Sea-Breeze Custom 24 highlights
- 7.5m (24ft 7in) all-terrain touring van
- Control Rider independent coil suspension
- Rear bedroom and bathroom layout
- Custom build
Sea-Breeze Custom 24 specifications
From the outside, at 9.4m end to end, the Sea-Breeze Custom 24 is a substantial rig. It differentiates itself from most other all-terrain rigs with the use of composite panel rather than checkerplate for the lower body. The result is an understated elegance that works well.
Up front, a substantial 6in DuraGal drawbar takes care of business and runs all the way back to the suspension mounts. The drawbar supports twin 9kg gas cylinders and a sullage hose tray between the rails, with a standard 50mm ball coupling, handbrake, Anderson plug, removable jockey wheel and mains tap completing the drawbar fittings.
Control Rider independent coil suspension with shockers dampens out the corrugations, while 12in brakes manage stopping duties. Three shielded 82L water tanks are fitted: two supply fresh water while a third collects grey water during free-camping, allowing you to dump it later at a suitable facility.
Back up at body level, a front boot hides some of the electricals, including the fuse blocks, solar controller and the 240V multi-stage charger. There is room for miscellaneous items, chairs and a small table. On the nearside, a front hatch hides a tunnel boot. A slide-out 1500x300mm box solves the traditional problem of access to this area and a second adjacent compartment with slide-out tray works well for a low profile barbecue, particularly with the nearby gas bayonet. On the offside, another slide-out tray accommodates the battery in the opposite end of the tunnel boot. Further back is another handy storage compartment, this time hiding a 1500x450mm slide-out drawer and adjacent storage area, which is also accessible from under the bed. Easy, accessible storage is one of the highlights of this van.
The Sea-Breeze Custom 24 has been kitted with a modern interior with gloss cabinets presented in natural tones, blending well with the other furnishings.
The floorplan is as per the customer’s requirements. A large wrap-around leather lounge and swivel table sit at the front of the van. The seat bases score extra lateral support under the legs and the table can drop to accommodate an infill cushion for when the grandkids tag along. Large windows create a welcome sense of space.
The kitchen fills the mid section of the van, with the sink and draining area on the nearside and the stove/griller, microwave and fridge on the offside, both with full height splashbacks. There is plenty of bench space and storage in cupboards and drawers, both beneath the bench and overhead. Refrigeration is courtesy of a 184L three-way fridge/freezer.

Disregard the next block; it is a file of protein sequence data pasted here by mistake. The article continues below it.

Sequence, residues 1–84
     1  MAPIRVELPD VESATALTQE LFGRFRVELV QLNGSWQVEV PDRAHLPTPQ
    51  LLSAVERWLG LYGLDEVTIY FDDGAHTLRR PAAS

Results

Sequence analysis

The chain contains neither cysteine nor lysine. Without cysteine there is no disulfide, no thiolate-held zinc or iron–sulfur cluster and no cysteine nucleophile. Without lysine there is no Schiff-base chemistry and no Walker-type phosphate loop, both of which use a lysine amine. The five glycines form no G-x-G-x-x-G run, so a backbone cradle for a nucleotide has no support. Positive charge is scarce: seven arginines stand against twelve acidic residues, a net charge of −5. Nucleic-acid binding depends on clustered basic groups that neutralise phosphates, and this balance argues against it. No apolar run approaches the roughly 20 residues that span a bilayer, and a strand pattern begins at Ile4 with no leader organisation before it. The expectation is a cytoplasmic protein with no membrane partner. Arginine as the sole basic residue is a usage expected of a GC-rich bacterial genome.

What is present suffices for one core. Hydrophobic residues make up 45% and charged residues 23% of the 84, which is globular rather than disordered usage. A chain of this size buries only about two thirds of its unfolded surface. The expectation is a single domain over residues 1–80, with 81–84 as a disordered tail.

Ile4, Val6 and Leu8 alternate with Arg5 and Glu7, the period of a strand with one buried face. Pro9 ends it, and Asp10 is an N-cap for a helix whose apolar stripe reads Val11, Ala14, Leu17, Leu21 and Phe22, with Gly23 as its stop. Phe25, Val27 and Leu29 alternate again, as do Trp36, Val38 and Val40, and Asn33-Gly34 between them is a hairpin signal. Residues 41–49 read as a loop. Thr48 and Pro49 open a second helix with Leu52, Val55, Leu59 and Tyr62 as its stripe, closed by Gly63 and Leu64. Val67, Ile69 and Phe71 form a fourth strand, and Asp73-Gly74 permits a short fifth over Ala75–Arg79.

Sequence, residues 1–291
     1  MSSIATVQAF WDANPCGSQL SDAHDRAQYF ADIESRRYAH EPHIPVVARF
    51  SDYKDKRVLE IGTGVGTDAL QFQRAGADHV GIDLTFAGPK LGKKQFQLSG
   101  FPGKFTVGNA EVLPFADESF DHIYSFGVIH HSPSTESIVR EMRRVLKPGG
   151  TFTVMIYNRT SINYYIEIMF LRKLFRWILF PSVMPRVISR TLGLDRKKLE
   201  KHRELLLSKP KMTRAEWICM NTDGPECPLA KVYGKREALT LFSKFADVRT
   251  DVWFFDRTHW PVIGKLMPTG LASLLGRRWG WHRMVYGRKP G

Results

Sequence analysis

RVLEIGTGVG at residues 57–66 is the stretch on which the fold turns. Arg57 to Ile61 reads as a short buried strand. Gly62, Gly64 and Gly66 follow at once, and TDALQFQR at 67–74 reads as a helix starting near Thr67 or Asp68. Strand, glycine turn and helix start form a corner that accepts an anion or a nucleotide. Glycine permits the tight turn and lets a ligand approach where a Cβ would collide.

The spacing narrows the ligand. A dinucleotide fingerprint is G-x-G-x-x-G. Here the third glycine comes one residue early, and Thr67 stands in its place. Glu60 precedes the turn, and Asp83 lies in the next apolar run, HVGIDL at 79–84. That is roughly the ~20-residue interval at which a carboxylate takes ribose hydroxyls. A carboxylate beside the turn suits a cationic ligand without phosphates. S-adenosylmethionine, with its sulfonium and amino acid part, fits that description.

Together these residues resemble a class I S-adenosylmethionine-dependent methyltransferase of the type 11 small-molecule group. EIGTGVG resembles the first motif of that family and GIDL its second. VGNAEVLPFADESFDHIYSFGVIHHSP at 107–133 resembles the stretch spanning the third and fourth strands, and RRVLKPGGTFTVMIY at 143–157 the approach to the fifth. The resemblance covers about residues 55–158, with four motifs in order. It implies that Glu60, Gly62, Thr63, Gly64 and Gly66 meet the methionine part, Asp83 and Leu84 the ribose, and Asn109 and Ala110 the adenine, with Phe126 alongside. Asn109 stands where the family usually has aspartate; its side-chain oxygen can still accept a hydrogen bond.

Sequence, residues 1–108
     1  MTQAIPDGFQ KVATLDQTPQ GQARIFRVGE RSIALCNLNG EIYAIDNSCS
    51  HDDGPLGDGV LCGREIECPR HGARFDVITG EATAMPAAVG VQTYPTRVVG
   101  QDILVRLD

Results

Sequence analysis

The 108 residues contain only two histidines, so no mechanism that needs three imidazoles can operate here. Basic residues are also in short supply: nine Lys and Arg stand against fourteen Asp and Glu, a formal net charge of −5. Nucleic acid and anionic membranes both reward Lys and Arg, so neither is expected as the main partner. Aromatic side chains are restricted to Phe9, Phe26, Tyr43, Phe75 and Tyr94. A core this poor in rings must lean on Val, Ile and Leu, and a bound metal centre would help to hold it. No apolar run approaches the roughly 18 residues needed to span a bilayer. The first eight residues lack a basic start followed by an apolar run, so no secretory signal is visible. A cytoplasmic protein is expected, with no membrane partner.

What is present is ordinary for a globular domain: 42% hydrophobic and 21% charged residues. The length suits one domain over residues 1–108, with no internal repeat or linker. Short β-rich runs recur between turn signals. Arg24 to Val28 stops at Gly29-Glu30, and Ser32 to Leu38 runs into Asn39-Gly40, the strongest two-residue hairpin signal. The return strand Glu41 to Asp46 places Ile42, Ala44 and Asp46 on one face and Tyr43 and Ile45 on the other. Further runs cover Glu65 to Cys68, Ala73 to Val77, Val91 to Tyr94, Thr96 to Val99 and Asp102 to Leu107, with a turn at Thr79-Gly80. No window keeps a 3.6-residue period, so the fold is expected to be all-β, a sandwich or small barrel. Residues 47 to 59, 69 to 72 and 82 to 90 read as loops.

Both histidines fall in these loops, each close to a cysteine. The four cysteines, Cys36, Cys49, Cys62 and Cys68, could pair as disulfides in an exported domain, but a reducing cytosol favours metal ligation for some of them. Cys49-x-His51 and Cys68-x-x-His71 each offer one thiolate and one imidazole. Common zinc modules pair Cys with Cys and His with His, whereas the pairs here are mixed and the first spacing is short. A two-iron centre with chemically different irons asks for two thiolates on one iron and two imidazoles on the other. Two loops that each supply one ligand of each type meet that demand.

Step up into the bedroom suite. The step alleviates the tight clearances around the bed normally caused by intruding wheel arches, yielding clear access around the base of the bed, which is positioned east-west. The nearside window provides expansive views to the world outside. It is a similar outcome at the head of the bed, where a long narrow window spills in plenty of light. For taller folk, the roof can be raised to the height of the air-conditioner which is mounted to the roof in front of the bedroom suite. Also up top, 150W of solar helps to keep the battery up to charge, with the van pre-wired for a second panel.
The queen-size innerspring mattress is nestled comfortably in the bedroom suite, surrounded by drawers, mirrored wardrobes and overhead storage, supplemented by additional storage at the foot of the bed, with corner wardrobes from floor to ceiling.
Like the rest of the van, the ensuite is completely functional, with a large 900x720mm fully-sealed shower cabinet and a well-positioned basin and cabinetry, which make the best use of the available space. A washing machine is mounted next to the cassette toilet, with access from both the side and top.
The stand outs are the zoned living areas, easy-access storage, and the sense of real space brought about by those few extra feet in length and extra-large windows. It’s a delight to prepare a meal in a caravan kitchen without feeling restrained by the lack of genuine bench space. And then there’s the van’s generous payload, allowing you to safely and legally carry full tanks of water if you choose to, plus your usual touring load. In this case, it is hard to deny that bigger is better.
- ‘Zoned’ layout
- Sense of space
- Interior design and featured colours
- Easy, accessible external storage
- Value for money
I would have liked
- Better quality drawer runners
- An improved quality of finish in some areas
The full test appeared in Caravan World #527, July 2014. Subscribe today for the latest caravan reviews and news every month!
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